Riding in the car was the entire bass and trombone sect ions eight boys altogether Remainder of the group reached Abilene all right, but this carload was toe' late for the pcrfoi trance.
Director Joe Mracham phoned in his apologies la-1 ni Iv
a and fog t
who: e a
big airliner :
night bcf ire
in a storn
i with as nix
ag ains * t i
planes foug ie elements
j vicinity c
d Castle Pi
of here to
?ory that the
far off it,i
se k:ng a:
M IR ON
Mc*I x r un
*chers previci lr most intel
the rec: n
er lakes, !
15 miles to t
ial flares an
• noticed a tx
was fn trt ut>!
scar on a i
60 miles i
to be exam n
The n p
ort of shots
to what Ii
to be a lo
ud crash nee
-nouement to a latex which be-vlor fell under
ci Iv. a'mr.
tenet B 5
nearly 20.000 in the five affected counties—Los Angeles, Orange, Riverside. San Bernardino and Ventura.
All was silent in the delta land of the wildest river of the flood—the Santa Ana The last ten miles of its drainage area, one of the most productive regions agriculturally in the United 'n from ti taxi* ..b states, was a muddy lagoon.
. passed through There were no means of telling
what the life loss there might have 3 IO officers and pri- been.
led br bloodhounds, In the Santa Ana-Anaheim-Ful-hunt and this aftrr-n was nabbed as he long tile road to F rt. here a brother lives.
I Rickman made a muting he was the i j six bullets int,o Tay-en the policeman ap-taxieab which Rlck->mmandcered several i Dallas.
admitted robbing Hubert Dodd, a Mini attendant south of . and stealing an auto at Tu day night, i, unarmed, was nabbed a ince weat of Durant, tossed his pistol into a wa ti
a1 Ra tUBSH Win mr wa- roward for the apprehension and
I conviction of the abductors.
Los Angeles and IOO surrounding i communities stricken; known and I unidentified dead and missing total 144; estimated 20,000 homeless in five affected counties, Los Angeles. San Bernardino, Riverside, Orange and Ventura.
Water gradually receding from flooded areas of Los Angeles proper, with partial restoration of communication and transportation facilities.
Weather clearing last night.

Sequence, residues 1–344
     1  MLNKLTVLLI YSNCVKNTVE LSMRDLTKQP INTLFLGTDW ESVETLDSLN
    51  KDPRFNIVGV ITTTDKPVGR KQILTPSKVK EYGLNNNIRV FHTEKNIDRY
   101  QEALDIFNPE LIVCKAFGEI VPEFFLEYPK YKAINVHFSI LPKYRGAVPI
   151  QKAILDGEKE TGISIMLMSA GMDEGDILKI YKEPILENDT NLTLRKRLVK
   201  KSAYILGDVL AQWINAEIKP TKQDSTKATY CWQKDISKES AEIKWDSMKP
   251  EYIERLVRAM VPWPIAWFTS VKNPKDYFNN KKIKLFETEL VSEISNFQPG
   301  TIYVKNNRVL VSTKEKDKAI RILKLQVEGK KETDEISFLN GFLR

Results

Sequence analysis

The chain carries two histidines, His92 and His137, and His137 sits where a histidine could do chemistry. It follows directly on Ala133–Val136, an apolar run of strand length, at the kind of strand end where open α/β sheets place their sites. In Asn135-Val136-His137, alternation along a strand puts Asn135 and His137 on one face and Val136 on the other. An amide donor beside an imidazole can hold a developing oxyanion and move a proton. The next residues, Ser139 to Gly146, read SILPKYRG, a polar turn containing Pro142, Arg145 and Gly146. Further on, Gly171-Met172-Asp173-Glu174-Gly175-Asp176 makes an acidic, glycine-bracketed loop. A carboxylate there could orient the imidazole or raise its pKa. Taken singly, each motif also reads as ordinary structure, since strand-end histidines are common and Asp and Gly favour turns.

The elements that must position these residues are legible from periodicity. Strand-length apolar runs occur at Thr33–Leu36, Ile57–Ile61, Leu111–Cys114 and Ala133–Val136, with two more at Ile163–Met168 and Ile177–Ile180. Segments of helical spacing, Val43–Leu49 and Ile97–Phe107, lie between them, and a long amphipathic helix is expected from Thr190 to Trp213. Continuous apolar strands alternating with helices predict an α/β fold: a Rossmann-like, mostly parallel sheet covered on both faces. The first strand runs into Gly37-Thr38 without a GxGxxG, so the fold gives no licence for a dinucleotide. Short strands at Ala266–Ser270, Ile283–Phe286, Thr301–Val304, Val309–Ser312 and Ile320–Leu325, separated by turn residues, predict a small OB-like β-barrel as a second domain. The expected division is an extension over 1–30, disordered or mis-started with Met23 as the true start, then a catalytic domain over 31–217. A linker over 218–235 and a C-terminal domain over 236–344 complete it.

Cloudburst - swollen Santa Ana river flooded sections of Riverside, 50 miles east of Los Angeles, and raged through rich agricultural areas of San Bernardino, River ade and Orange counties. Damage un-estlmated.
Six-day storm, reaching climax Wednesday,,left southern California countryside scattered with broken bridges, ruined highways, wrecked houses and inundated orchards.
For many hours yesterday metropolitan Las Angeles, comprising more than 2.000,000 residents, virtually cut off from outside world Power failure halted communication even by radio.
Train service between San Francisco and Los Angeles, halted 24 hours by storm, resumed last night with passengers being ferried by bus around washouts. Airline service between two cities resumed yesterday.
ire. Albany vccailon-
I Cr fie VI
ure boy. is shown
ufo with his reserve
c h a rn p I o i
calf of the W st
w hit h
tits ; r
Ti Xf. S
B >j a
Livestock show here
'Cl ye. terday. Magee’s
c< rn pa
Pi ■ t
ss by Re-
to the U.,ten ho el
(f» t )
s per pound.
I .' uv
s may be
town. Winters voca
See FLOOD, Pf. 15, Col. 5
Levine Again Makes Plea For Contact
NEW ROCHELLE. N. Y, March
3—I/p—a third appeal to the kidnapers of Peter Levine to "make contact ' was made late today by the father. Murray Levine, signalizing a disturbing lack of progress in the case on the eighth day of the 12-vear-olri boy's disappearance.
The kidnaping was brought officially to the attention of the state legislature at Albany, where assemblymen Robert J. Crews, a New
Two Doctors Stay At Pershing's Side
TUCSON, Aria. March 3 I Two physicians remained at the beside of critically ill General John J. Pershing tonight. Lieut. Col. S U. Marietta, army heart specialist having cancelled plans to return to San Antonio.
Why Colonel Marietta's plans were changed and what progress, if any, the general of the armies was making in his drive toward